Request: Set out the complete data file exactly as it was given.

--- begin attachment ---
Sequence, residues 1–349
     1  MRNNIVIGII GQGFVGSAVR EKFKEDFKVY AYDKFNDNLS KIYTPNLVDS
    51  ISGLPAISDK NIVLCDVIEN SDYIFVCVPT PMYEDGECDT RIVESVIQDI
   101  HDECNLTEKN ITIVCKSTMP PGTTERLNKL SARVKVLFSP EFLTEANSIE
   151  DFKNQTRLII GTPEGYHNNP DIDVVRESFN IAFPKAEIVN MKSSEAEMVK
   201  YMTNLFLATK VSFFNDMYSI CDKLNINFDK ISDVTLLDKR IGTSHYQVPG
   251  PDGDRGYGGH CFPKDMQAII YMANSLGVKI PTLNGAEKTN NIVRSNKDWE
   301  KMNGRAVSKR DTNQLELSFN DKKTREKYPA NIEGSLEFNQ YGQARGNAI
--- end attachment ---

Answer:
Sequence, residues 1–349
     1  MRNNIVIGII GQGFVGSAVR EKFKEDFKVY AYDKFNDNLS KIYTPNLVDS
    51  ISGLPAISDK NIVLCDVIEN SDYIFVCVPT PMYEDGECDT RIVESVIQDI
   101  HDECNLTEKN ITIVCKSTMP PGTTERLNKL SARVKVLFSP EFLTEANSIE
   151  DFKNQTRLII GTPEGYHNNP DIDVVRESFN IAFPKAEIVN MKSSEAEMVK
   201  YMTNLFLATK VSFFNDMYSI CDKLNINFDK ISDVTLLDKR IGTSHYQVPG
   251  PDGDRGYGGH CFPKDMQAII YMANSLGVKI PTLNGAEKTN NIVRSNKDWE
   301  KMNGRAVSKR DTNQLELSFN DKKTREKYPA NIEGSLEFNQ YGQARGNAI